Daily Trojan, Vol. 40, No. 56, December 02, 1948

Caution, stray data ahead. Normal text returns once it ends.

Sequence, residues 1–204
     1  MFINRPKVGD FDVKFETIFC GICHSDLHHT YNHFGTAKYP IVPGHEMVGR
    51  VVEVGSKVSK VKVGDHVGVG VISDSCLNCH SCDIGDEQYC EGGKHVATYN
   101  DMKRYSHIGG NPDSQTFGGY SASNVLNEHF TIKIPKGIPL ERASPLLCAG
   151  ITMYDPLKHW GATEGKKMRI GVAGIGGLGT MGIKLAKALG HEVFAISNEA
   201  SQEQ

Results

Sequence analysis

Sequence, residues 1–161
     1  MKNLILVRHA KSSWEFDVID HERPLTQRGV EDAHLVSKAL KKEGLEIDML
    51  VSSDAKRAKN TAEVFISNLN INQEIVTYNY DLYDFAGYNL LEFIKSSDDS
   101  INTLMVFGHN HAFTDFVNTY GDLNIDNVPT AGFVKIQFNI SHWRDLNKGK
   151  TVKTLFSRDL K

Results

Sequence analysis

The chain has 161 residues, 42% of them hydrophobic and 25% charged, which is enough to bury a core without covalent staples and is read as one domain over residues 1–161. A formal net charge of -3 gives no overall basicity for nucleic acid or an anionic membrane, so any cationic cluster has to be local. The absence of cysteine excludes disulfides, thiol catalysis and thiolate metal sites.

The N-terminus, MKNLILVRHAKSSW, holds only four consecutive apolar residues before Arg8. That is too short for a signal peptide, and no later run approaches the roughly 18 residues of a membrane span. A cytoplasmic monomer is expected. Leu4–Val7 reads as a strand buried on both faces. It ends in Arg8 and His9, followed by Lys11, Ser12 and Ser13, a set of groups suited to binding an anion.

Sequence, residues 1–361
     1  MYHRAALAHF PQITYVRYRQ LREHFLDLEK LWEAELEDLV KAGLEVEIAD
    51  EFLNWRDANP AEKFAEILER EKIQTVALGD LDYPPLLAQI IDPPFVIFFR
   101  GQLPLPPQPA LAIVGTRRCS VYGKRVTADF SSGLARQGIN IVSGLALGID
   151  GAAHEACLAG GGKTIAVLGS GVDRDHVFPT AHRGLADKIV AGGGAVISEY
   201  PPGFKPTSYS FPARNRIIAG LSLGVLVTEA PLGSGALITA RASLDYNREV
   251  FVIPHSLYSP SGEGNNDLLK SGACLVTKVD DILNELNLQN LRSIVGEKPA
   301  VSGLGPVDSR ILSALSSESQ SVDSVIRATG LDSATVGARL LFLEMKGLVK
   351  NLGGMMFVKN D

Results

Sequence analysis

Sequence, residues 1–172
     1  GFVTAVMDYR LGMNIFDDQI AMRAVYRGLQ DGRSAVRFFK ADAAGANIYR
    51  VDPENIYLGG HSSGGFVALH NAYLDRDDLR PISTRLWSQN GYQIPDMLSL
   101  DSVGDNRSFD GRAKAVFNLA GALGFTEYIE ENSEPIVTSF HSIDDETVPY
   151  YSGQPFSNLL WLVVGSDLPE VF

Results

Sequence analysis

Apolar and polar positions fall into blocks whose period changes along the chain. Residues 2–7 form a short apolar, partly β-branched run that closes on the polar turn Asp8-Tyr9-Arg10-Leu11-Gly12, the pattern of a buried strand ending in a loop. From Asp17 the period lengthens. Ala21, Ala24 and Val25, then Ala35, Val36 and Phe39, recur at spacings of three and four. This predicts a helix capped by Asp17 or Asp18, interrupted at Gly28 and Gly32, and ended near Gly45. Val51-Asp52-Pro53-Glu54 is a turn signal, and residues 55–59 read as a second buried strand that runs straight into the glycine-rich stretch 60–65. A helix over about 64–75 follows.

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Page Iwo Thursday, Dec. 2, 1948 Southern DAILY TROJAN ThsmAt.Scribe Views LA Traffic Court A ■■■ i<*8*™ GERALD P. MAHEB Editor BOB WILMSEN Business Manager „LIovd G. Hearn mature Editor- ______Grelun Landon Women's Editor. 8ports Page........ News Editor------ Desk Editors: John Clark. BUI Dow. Art Williams. Harry Althouse. F R Asnley. Jack Gregg Editorial Board: Al Hix. Al Lalane. Sia Bernstein. Piui Burke. Vernon Scott, Al Woolfolk >Jack Owen Diana Griffin ___George Ambrose. Cliff Dektaj Staff Photographer_________________.Bob McTaggart Desk Editors: Art Antnasian. Stan Cann. Len Jo or.son, Ray Noli, Bustei Sussman, Howard Meyerson News Desk: Chuck Der Boughn, Ursula Baum; m, Harvey Diedench, Pete m, Herb Berkus, Vern Law- _John Bethel Assistant Feature Editor-- Week in Review_______Chuck Denton, Ai Woolfolk Senior Reporters: Dick Angell. Reid Bundy. Mary Doudna, Bob Pike, Marion Sellers, Wayne Pryor. Assistant Womens Editor___Mary Doudns Exchange Editor................ .Joy MUlei Picture Editor____.Norma DeYoung Easiness Staff-CLASSIFIEDS Alice Herzog; SFCRETARY: Barbara Gerson; SPACE SALESMAN: Don Eisner. SUBSCRIPTIONS Jan Lewis; TEAR SHEETS: Beverly Walker, Bev Pierce, Pat Sharron, Gloria Ensign, Giory Sims, Mary Ann McLoughlin; MAILING: Dona Gore; ACCOUNTS: Barbara Dunn, Jeanie Eaton; RECEPTIONIST: Mary Lou Moms F. 'e-«J as Mcund-ciana matter April 11. 19<7. at th* poetoffice at Loo Angeiea. Calif., under tha act ot March S, 187* iblis.hwJ (laiiy ex< ept Saturday Sunday, examination week, and vacation period* during to* academic year at *661 Un! *<valty Avenue. Loo Angetea 7, Calif. Subscription. >4 per >ear._ th* Daily Trojan rtflect the oplnluna of th* wrltere. They tn no way represent atudent er anl fdlturialf are expression* of th* ed tor. Letters to th* editor musi t* aigned. ar* limited to JM at the discretion of tbe ataff according to technical limitation*. ★ The Evil Is Trivial There has been a lot of pro and con discussion in recent weeks about what some people call the “campus handbill problem.” In Student Union arguments, and in letters to the editor, the opinion has been expressed that the university administration or the student senate should “do something” to discourage, if not to prohibit, the free distribution of handbills on the SC campus. Whatever the views expressed by these handbills, and whether we, as individuals, agree or disagree with those views, any action that might be taken to restrict their circulation would be unfair, unconstitutional, and un-American. Of course, the chief reason that is given in support of the suggested anti-handbill regulation is that the sidewalks, lawns, and streets of the campus become littered with unsightly waste paper whenever handbills are passed out. This, it is contended, detracts from the beauty of the campus and necessitates extra work on the part of the university’s maintenance crew and the city street cleaners. The alleged result: Added expense for both the university and the city. Throughout the arguments of those who would ban the free distribution of handbills runs the theme of intolerance. Behind the whole move is the feeling that the handbills express opinions with which the majority of students do not agree. The charge has repeatedly been made that most of the handbills and dodgers have been passed out by organizations that supposedly are “subversive.” While it is true that members of the Communist party have, on two or three occasions, distributed their literature on campus, it must be remembered that literature also has been handed out by Young Republicans, Socialists, veterans groups, religious organizations, and advocates of public housing. Campus organizations have contributed their share of free literature, too, with handbills advertising campus politicians, shows, and dances. It is regrettable that the campus has to be littered from time to time with thousands of soiled, tom, trampled handbills. But this “evil,” if it can be so called, is ridiculously trivial when compared to the great evil which can result from the passage of rules and regulations restricting freedom of speech and of the press. The Socialist, the Republican, even the local merchant, all have a right to hand out their literature, telling the public what it is they are advocating or selling. To limit or suppress this practice is to strike a blow at the cornerstone of democracy—the stone labeled “free expression.”—Jack Owen Vets Life Not All Roses by John Gccleston Despite numerous polls and articles to tie contrary, the opinion of most seems to be shat the veteran is automatically a straight A man. The married man also falls into this elite group. Age. experience, stability, seriousness—these are the factors that contribute to the infallible process of getting good grades. It’s guff, that’s what. It’s guff straight from the army and the local marriage license bureau* Before you dash madly, cinch notice in hand, to the minister or the military, listen to the poor mans Bee Fairfax. As an old army man (we both agreed that we wuz robbed) with an ever-lovin’ blonde at home tshe was, too) I should be the Toast of Troy, the bright boy of Bridge, the superman of Science. I'm not I'm known as the stupe of the Student Union. I drive an Oldsmobile that was only driven by an old man on Sundays. What the guy that sold it to me didn’t say was that the old man was Barney Oldfield, who used it in the stock car raoes at the old Ascot speedway. Anyway, it runs like a top. It spins all the time, and when it runs out of momentum, it stops. This is indeed embarrassing, especially to a college man. In Ordnanre we learned to prod lhe carburetor with a screwdriver, meanwh'le making wise noises. On Finance shavetails this worked fine. They were impressed. After they left, we’d requisition a new engine, put it in. and the damn Jeep generally would run. On wives it doesn’t work. They say, ’‘You’re a college man, fix it. For an engineering major, you sure have a lot of trouble with a simple internal combustion engine.'' I sure do. Then there was the night my wife found out they don’t have Man and Civ discussion classes on Saturday midnights. And when that redhead called me “amado papa nua” and I said it meant “esteemed student, sir” and she looked it up in my Span-ish-English dictionary. Or the night I weaved home from Eddie's and I said that a chemistry experiment had gone wrong. Then there was the time I skipped my Marketing 64 to study a Chamber of Commerce bulletin and she found out it was the Wampus. And when that redhead and 1 were spotted on Mulholland drive and I tried to say that I had an astronomy exam coming up and 1 was try.ng to spot Iranus. The worst blow of all fell yesterday. The English Lit five-weeks was on tap, but I was prepared. I walked in to the good Dr. Crittenden’s class with a smile on my lips and a song in my heart. I grinned as he wrote the questions on the board. I laughed while the class groaned. I reached in my pocket. In that pocket rested the neatest set of cib crib notes SC ever saw. They were infallible. I pulled out the card and opened my bluebook. I was ready. I uncapped my pen and wrote my name on the bluebook. I read the first question. “Trace the Romantic Movement from start to finish. Give names, dates, works. Explain.” I chortled. I looked at my crib notes. They said; “Dear: Please stop at the store on your way home. 1 lb. butter 1 doz. egg’s (If fresh) Rooter Denounces Half time Activities by Don Shaffer Marching bands, variety acts, and other distasteful forms of alleged entertainment during the halftime periods at football games are only serving to raise the blood pressure and fray the nerve-ends of the spectators. There was a time when foot-b a! 1 games, strangely enough, were the main a.traction at football games. During halftime in those days, the fans leisurly stood up and stretched or yawned, or even dozed off for a few mjnutes of complete relaxation. Obviously, this is not tree today. Before the teams can leave the field, Ae stadium is like a great nerve fiber stretched I ke a bowstring between the halves, waiting for t knows not what. If this competition between the extravaganza-minded halftime planners is not stopped, their de-sj-e to outdo each other is going to end in complete d.saster. For those lucky enough to escape, thene may be soma consolation. Congress w.H undoubtedly amend the consti ution to place hallt me activity planners in the same category as war criminals, traitors, and used-tar salesmen. Then, once agan, we who rema n will be able to lean back and relax during half times. Tom Replaced Jackson Tree' by Ralph Munn What has happened to SC’s most famous tree? Planted back in 1929 amid great ceremony and with the most tender care, the tree, instead of being a towering monument to the memory of Andrew Jackson, has disappeared from the campus. Tommy Trojan has usurped its place of honor in front of the Administration building. and no trace of the budding hickory remains. Andrew Jackson IV presented the sapling to SC in honor of his ancestor’s 162 birthday anniversary. Shipped from “The Hermitage,” Jackson’s ancestral home in Nashville, the tree was planted on Mar. 18. President Rufus B. von KieinSmid officiated. Prior to the official ceremony, workmen had labored long and feverishly to excavate a suitable hole for the tree to rest in. An excavation 5 feet in diameter was dug. Special pipes were laid from the nearest water supply to the tree’s site. One the appointed day a large truck drew to the curb in front of Bovard. A sizable crowd gathered to witness the ceremony. Several students, garbed in costumes appropriate to the Jacksonian period, mingled with the onlookers to lend atmosphere to the scene. After President von KieinSmid made a short acceptance speech to Andrew IV, a cornet solo, “Trees, ** was played from a second-story window of the Administration building. Workmen, with the aid of the student legislative council, drew back the tarpaulin which covered the truck and brought the hickory, an 18-inch dormant twig attached to a 3-foot supporting stake, to its new home. It was gently lowered into place and the ceremony was finished. Careful note was taken of the sapling’s progress until it disappeared during Easter vacation. Tommy Trojan took over the seat of honor the next year and Jack son’s young hickory was not seen again. by Jerry Bres “Production line justice” you think when you enter the crowded courtroom and take your seat. A long line of persons, passing slowly in front of the judge, are receiving the penalty for negligent driving. They stop for a moment at the microphone and mumble “guilty” or "not guilty” in answer to the bailiff’s question. If the offender says “guilty” the judge quickly announces the fine after studying the citation. The fine is paid to the clerks at the counter on the left. If he says “not guilty,” the judge sets a date for trial. A choice of trial by judge or jury is given to him. The judge ca •"|P~.ly explains that he does not wish anyone to leave the courtroom “feeling that they have been rushed through precipitiously without having a fair opportunity to be heard.” If the culprit feels, he is technically guilty, but that there are extenuating circumstances in his case, he is allowed to make a full statement if he chooses to wait. Sometimes the judge suspends or reduoes a fine after carefully listening to the offender’s version. You change your mind—this is not “production line justice,” there is no conveyor belt system. The municipal court cf Judge Roger Alton Pfaff in the city hall is in session. Seated on the bench, flanked by the national and state flags, the judge conducts the court in a somewhat informal manner. Clerks, deputy sheriffs and police officers assist him by handing him papers. The long line of persons filing by continues. A blond SC student, identified by the ever present Man and Civ text, says “guilty,” but asks to make a statement. Later he is fined $5 instead of the usual $10 for speeding 45 mph in a 25 mph zone. He explains his speedometer wasn’t working correctly. Judge Pfaff addresses the courtroom at the beginning 0f each session. The words flow effortless y. Evidently, he has memorized them, but they hold a vital message. “If I were to tell you that the r.......: x................"1 ,rv'/ JUDGE ROGER A. PFAFF . , . mind over muscle entire population of Beverly Hills had either been killed or injured by some disaster, you would think that was a national calamity of the first magnitude, and so it would be. Yet last year, In Los Angeles county, there were over 30 000 people who were either killed, maimed, or Injured by automobiles. Since Wor d War I there have been almost one million Americans killed by automobiles over thirty-five million Injured .. .” The judge explains the “Negligent Operator law” passed last year. A laugh is evoked from nis nervous auditors when he refers to them as “alumni” and the receipts for fines as “diplomas.” He la more concerned with sending the persons away from the court In a cooperative frame of mind, rathf-r than just imposing nnd collecting fln“s. It is more important to have them set good examples and to influence others to be better drivers. Judge Pfaff, who is entitled by law to fine as much as $50 or five days in jail for each traffic offense, sets $10 as the fine for most minor traffic offenses. If the offender was in the court earlier, an additional fine is imposed. If he comes in two or three more times, his license is taken away for 30 days. Speed is one of the offenses for which there are few If any extenuating circumstances. People often become confused about signals and left or right turns, but speed is simply a question of “mind over matter—your mind over the muscle in your right leg.” In the last nine months over 125,03) citizens have appeared in the court. At the same time, in the past eight months, deaths on the city streets have been reduced by 30 per cent. If this reduction keeps up this month, Los Angeles will set the best traffic record in 24 years. Judge Pfaff earnestly points out that 60 per cent of the citations he receives are because of failure to yield—failure to yield to a pedestrian, failure to yield to another motor vehicle. The judge has taken a positive affirmative approach to the problem. Since he was appointed judge bf the court, a decrease of 50 per cent in the number of persons appearing has taken place. Judge Pfaff is working toward the bankruptcy of a huge business. That business is the $4 million paid to the City treasury in traffic fines and forfeitures last year. TRAFFIC CONTROL IS DAILY PROBLEM OF TRAFFIC BUREAU (Editor’s note—This is the third in a series of article* on the operations of the L.A. Police department.) by John J. Owen Traffic violations, according to Municipal uJdge Roger A Pfaff, are responsible for the great majority of auto and pedestrian accidents. The Los Angeles police department, aware of the fact that most crackups are actually “caused occurences,” has as its responsibility the enormous task of patroling the teeming streets of this city, where traffic law enforcement is of especial importance, since Los Angeles has more cars per capita than any other large city in the US. Los Angeles is cursed with an unusually large number of accidents, averaging 60 to 85 per day. The agency of the LAPD directly concerned with the traffic problem Is the traffic bureau, headed by Deputy Chief of Police Bernard R. Caldwell. One branch of this bureau, the accident investigation division, directed by Capt. Harold Su'livan, has the duty of going to the scene of every traffic accident in the city and making a complete, detailed report of it for the police files. The division is equipped with a fleet of black-and-white patrol cars, one of which is assigned to each of the city’s police districts. Each car has a two-man crew and is fitted with a two-way radio and a kit containing all the necessary accoutrements for the thorough investigation of auto and pedestrian accidents, such as tape measure, ohalk, flares, film packs, camera, and flash bulbs. A typical accident investigation team, reporting for duty each evening at 5:30 p.m. at traffic bureau headquarters, 123 South Figueroa, consists of Officers Dick Baugh and Ed Bradshaw, who man a traffic car on the “midwatch,” which lasts from 6 p.m. until 2 a.m. Baugh, a former SC student and Phi Sigma Kappa, is still majoring In public administration, taking day courses in SC’s Civic Center division. After being briefed in the assembly room, Baugh and Bradshaw manuever their car out of the crowded garage onto the street. Then, from the time they radio in their “clear and on patrol” until they wind up their shift with the “end of watch” call, the men patrol the streets of their assigned district. They may be assigned to unit 13T, which operates in the downtown area, 35T University district, 75T, Wilshire district, or any one of several other units. Upon receipt of an “ambulance traffic” call, the officers must proceed to the scene of the wreck as swiftly as possible on “code three,” red light flashing and siren screaming. Arriving at the scene, of an average accident of a more serious nature, Baugh and jBradshaw must immediately take charge, shooing back bystanders, getting names and addresses of principals, measuring skid marks, and photographing the wreck. Everything possible must be done to reconstruct as accurate a picture as possible of what occurred. According to Baugh, an AI car gets an average of two or three of these calls per night. On’y when they are Instructed to go “code three” are the cars permitted to use both red light and siren. “We find Friday and Saturday nights are our busiest,” Baugh said, “while Sunday and Monday nights are usually very quiet.” He added that rainy or foggy nights are apt to produce the largest number of serious accidents. Commenting on the seriousness of Los Angeles’ traffic problem and the mounting toll of traffic fatalities, both Baugh and Bradshaw concurred with a recent statement made by Chief of Police C. B. Horrall, who wrote recently : “We trust that with a law enforcement program directed toward those violations which have been proved causes of accidents and fatalities, we may Impress upon the driving and walking public the seriousness of their re-sponsibl'ities on the highway.” It is reasoned by the police that if the causes of accidents can be removed, then the tragic attendant results can likewise be eliminated. Special Enjoy Pullman Comfort for Dollars Less- in S P Tourist Sleepers Poy lost for rail loro-less for Pullman fare. Go in comfortable, economical Tourist Sleepers. You vill find them on all these well-known Southern Pacific trains from Los Angeles to... CHICAGO — Imperial NiW ORIIANS —Argonaut PORTLAND —JFeet Coast SAN FRANCISCO — Coaster, Ou>l Inirvatltm, Information! see your near-by Southern Pacific Agent. • T& the friendly Southern Pacific 212 W. 7th St. 6553 Hollywood Blvd. Phone MI-6161 - Ask for “Telephone Sales" College Rates SS 40 under lk( 30<-a-«opy new*. Itan4 price — SI SO u n d • r ike regular 1 -year SubMfiptien prico when you subscribe through us at the Spo- * _ cial College Rate of only '5.0 V 5a V0 S5.65 under th* 20;-a-copy mwi. liand price — $1 25 undir th* ■ rtgulor t-yeor tubtcription pric* when you subscribe through us at the Spe> * -cial College Rate of only '4./ 5 Make your dollar* stretch further—by taking advantage now cf fhe«e money-saving, (pedal ratei . . . Enter Your Order Today, through The Cigarette Counter in tho Student Union Service lnadfcqu'j'?«* Is obvious lyi at,'/'/!.«■ bothered tyi a. tion frMf! :i ra.'fi',:J; fHjillt that ttiftV.’ :ii fa/rilitlf-5 *-/cr. for minor or emergen fry itf-i-'l.z. *.:+ inadequate. At present only two group* on campus are properly rarer! for: (1) men participating In tollf-gtaie athletics are cared for bv the univers ty at a local hospital, and (2) the students an/1 faculty of the School of Mcdlcine have voluntarily adopted the Blue Crons health Insurance plan to meet their needs. But this leaves a great groi%. of students, living both on and off campus, who are for the great part in need of some sort of group medical protection. Of the several health needs most glaring at the present time are: (1) an infirmary for students living on campus who are suffer- We ll Show 'Em! Editor, Daily Trojan, I am a "naughty” Bruin who was visiting your “mighty” campus during Homecoming week. Your sp.rit here is deplorable, even though you have a winning team. We across town, with a losing team, far outshine yoo at least in that respect. Yours until next year, when you may again take a lesson In spirit, if not in basic football. Malcolm Alper ing from minor but contagious diseases. (2) regular inspections of food serving personnel and facilities on campus which were fcund lacking in recent Greater University committee and LAS council surveys. (3) and an adequate system to handle emergencies, day and night, whereby students can quickly receive aid when seriously sick or injured. A permanent medical plant is needed at SC to serve students, faculty, and alumni. We have the site—36th street and McClintock avenue—says our University architect. We have the need say our students and student senate. We can get aid say the state and federal governments via their respective Hospital Research and Construction acts, as has Stanford. The giant Menlo Park hospital at Palo Alto was built by the federal government. But of course, that is socialism some might say. An intelligent, practical, workable plan was submitted to the administration in May by the ASSC senate. Has it been rejected? Has it been filed in the circulating drawer? We know u» wasn't perfect, but what is? Best of luck to the DT on its campaign. Walt Brown P.S. Recognizing of course that *— i harch oj • —*»_» r-not be - •— >.u »■•<■» v\ r do st • ••• ,r * r - fj in Amc '•-* »fforts of ....i » r Kt fierald' —«.i x tr and Willi ...a j-.,.,,, .u» Ami oh yes, aauu.v*» » ‘Vln'l vote on y I: «■ of the saiC convnou* tr.ans. I that ail motorized vehicles hlblted from tre passing on| tiie streets which split u| glorious campus. As Is obvious to the tul observer, the streets SC are solely for the use of' trians. (For the sake of have not used the word, a trian is a person who is de to the point of using two legs as a method of tion.) The pedestrians here at of whem have apparently heard of automobiles, motor motorscooters, ar.d dead trians, are oblivious to the| present, or future existence of the four objects I hav< mentioned. They cross the anywhere, anytime, without bothering to see il one of new-fangled contraptions ha^ to be passing. If by chanc does come along, the pedest: God bless im cause no will—gives him a dirty Ic daring to use his private way without permission. There are only two lutions: 1. Ban all vehicles moving at .a rate faster five miles per hour. 2. Have the Knights a i guards to guide the myopic estrians across in the same ner as is done In the schools. Louis Pity the Knights Editor, Daily Trojan, It is my opinion that paper is picking on the r tion known as Trojan unfairly. The group has no possible of fighting back against poison pen attacks of writers] Wayne Pryor, Bill Lyon, others, and you give it no portunity. I don’t notice Mr. Pryor Lyon out in front helping to up spirit at this university. How about giv.ng some structive criticism instead of| usually biased reviews that late from up high in the Union. James [ REMEMBER- For Dale Dresses 724 So. Hill St 6435 Hollywood Blvd. Impromptu Parties So Easy with Coke t.msm \ me. Ask for it either way ... both .radc-marks mean the same thin\ BOTTLED UNDER AUTHORITY OF THE COCA-COIA COMPANY BY COCA-COLA BOTTLING COMP.nr!Y OF LOS ANGELES ©1948,Tha Coca-Cola Company I 4